Meditating in the Moment

As a 20-year-old living in 2017 with technology, social media, and a packed schedule, I always seem to be stressed out. I run from task to task without processing what is going on around, or within myself. I have deadlines to meet, degrees to earn, and bosses to please. I was taught from a young age that if I wish to go somewhere in life then I must work hard; so, I maximize my schedule to maximize my potential without any regard to the extra stress it might add. I squeeze in one more meeting, one more internship, one more hour of writing just to get ahead. Then, I do not know how to handle the pressures I have subjected myself to, and either fail to complete the tasks I’ve set out to accomplish and hate myself for it, or complete them while simultaneously destroying myself in the process. Sound familiar?

But what if there was a way that we could master our days by simply mastering our minds? Mindfulness meditation is the practice of paying attention to the smallest details and blessings of life that are often overlooked, in a particular way — on purpose, in the present moment, non-judgmentally. It is simply taking the time to actually realize what you’re doing in the exact moment you are in, what is around you, and how you really feel.

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I was introduced to the practice during my freshman year of college. I struggled managing school, sports, work, and volunteering. Eventually, my packed schedule broke me, and I began to suffer from anxiety attacks. I became so nervous that I would hyperventilate during workouts, worry about minuscule assignments, and cry for hours at night because I was scared of failing. I lost sleep and even developed painful rashes.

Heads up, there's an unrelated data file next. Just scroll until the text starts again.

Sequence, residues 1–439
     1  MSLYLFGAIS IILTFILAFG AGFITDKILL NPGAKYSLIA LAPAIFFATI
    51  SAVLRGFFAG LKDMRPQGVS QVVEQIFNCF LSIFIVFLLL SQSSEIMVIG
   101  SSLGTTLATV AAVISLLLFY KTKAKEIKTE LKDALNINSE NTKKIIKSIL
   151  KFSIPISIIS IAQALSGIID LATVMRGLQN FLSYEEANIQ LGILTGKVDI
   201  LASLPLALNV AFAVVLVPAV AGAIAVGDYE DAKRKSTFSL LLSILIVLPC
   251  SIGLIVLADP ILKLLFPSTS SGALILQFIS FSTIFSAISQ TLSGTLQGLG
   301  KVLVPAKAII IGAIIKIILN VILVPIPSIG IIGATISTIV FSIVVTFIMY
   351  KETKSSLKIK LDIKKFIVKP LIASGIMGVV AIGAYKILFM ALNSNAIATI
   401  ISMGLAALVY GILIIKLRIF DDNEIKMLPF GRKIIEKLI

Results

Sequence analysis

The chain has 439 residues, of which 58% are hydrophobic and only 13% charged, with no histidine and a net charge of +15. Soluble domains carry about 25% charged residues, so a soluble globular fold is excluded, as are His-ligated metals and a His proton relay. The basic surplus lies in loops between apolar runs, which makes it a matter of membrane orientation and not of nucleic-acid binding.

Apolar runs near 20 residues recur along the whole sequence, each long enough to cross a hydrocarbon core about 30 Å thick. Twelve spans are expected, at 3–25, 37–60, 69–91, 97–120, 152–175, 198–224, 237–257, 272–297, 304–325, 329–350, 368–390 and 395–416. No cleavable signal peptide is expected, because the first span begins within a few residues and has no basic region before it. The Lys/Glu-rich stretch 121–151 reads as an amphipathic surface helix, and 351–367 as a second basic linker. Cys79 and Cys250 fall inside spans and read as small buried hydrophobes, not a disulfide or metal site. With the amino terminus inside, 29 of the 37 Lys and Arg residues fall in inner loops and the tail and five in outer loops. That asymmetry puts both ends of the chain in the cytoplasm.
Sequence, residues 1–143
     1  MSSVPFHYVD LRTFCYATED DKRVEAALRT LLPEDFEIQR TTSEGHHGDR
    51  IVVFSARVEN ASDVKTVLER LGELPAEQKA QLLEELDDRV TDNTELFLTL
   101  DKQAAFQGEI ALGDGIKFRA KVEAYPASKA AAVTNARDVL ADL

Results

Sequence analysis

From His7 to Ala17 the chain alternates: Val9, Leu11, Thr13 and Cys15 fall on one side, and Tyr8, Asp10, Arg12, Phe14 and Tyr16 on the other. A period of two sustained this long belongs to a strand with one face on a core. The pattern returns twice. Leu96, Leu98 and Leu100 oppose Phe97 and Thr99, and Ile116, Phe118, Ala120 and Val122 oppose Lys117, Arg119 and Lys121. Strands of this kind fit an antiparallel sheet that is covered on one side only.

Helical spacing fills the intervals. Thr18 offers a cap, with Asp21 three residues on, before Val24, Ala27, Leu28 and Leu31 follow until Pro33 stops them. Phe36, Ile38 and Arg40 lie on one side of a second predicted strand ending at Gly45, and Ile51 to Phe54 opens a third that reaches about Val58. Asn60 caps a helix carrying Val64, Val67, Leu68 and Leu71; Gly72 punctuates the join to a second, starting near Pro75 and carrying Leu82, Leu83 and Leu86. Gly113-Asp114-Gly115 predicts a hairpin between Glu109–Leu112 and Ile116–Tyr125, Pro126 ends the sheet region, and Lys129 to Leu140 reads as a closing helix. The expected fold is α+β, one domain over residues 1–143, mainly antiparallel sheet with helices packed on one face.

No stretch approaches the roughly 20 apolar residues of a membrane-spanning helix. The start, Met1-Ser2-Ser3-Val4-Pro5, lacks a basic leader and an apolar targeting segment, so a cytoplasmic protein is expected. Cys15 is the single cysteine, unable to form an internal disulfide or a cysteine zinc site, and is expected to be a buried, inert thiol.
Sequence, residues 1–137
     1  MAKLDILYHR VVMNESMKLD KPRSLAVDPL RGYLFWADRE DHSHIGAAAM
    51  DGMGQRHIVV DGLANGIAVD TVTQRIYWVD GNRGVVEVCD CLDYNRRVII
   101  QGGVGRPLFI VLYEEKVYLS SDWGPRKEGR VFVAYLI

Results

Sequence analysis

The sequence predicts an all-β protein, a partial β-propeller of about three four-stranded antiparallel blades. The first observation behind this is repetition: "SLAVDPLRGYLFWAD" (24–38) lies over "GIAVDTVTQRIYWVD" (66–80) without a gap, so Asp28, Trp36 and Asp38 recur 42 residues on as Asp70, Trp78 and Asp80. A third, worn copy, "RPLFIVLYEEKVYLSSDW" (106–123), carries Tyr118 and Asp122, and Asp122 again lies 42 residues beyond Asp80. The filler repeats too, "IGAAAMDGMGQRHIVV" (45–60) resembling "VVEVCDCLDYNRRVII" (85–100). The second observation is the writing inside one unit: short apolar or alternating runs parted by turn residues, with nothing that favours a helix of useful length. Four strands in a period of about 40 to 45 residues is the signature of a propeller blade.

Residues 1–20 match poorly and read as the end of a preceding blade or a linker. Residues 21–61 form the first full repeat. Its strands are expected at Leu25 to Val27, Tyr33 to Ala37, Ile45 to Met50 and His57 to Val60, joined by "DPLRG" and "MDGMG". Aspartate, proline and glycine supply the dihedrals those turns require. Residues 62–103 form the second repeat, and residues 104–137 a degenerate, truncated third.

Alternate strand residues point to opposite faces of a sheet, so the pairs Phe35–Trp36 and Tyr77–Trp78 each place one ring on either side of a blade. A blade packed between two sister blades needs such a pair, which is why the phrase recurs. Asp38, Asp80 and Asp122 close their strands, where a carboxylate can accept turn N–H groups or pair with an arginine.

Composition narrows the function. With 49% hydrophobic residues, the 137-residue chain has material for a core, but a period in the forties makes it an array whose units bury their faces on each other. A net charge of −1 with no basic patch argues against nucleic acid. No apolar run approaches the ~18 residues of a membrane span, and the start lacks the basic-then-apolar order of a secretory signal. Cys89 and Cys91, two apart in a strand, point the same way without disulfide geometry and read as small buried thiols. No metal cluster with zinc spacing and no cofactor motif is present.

My aunt saw how much I was struggling and invited me to a meditation class. For 45 minutes, I had to sit with myself and just breathe. At first I found the instructor’s words a little silly. She said things like “the only moment that matters is right now” and “thank yourself for taking the time to listen to your breath.” I wanted to stand up and explain to her that many future moments mattered, and if I didn’t get my act together and finish my assignments, apply to internships, and hit a little better, I would never get to where I wanted to be in life; so, I did not have time for this present moment.

Recognizing that my aunt was taking the time to help me, I tried to stifle my complaints and make the most of our time in class. I breathed in and breathed out. About halfway through, I actually felt a little more relaxed. Because I was so concentrated on the patterns of my breath, I couldn’t really focus on my anxieties. The instructor’s voice soon became more soothing than annoying, as she told me to feel the sensations of each part of my body, and of course, continue breathing. Instead of questioning, I did as she said, falling deeper into a sense of calm.

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I became aware of the texture of the floor I was laying on, and how my T-shirt felt on my skin. I was in-tune with the rhythm of my breaths throughout my body, and I noticed the smell of candles burning.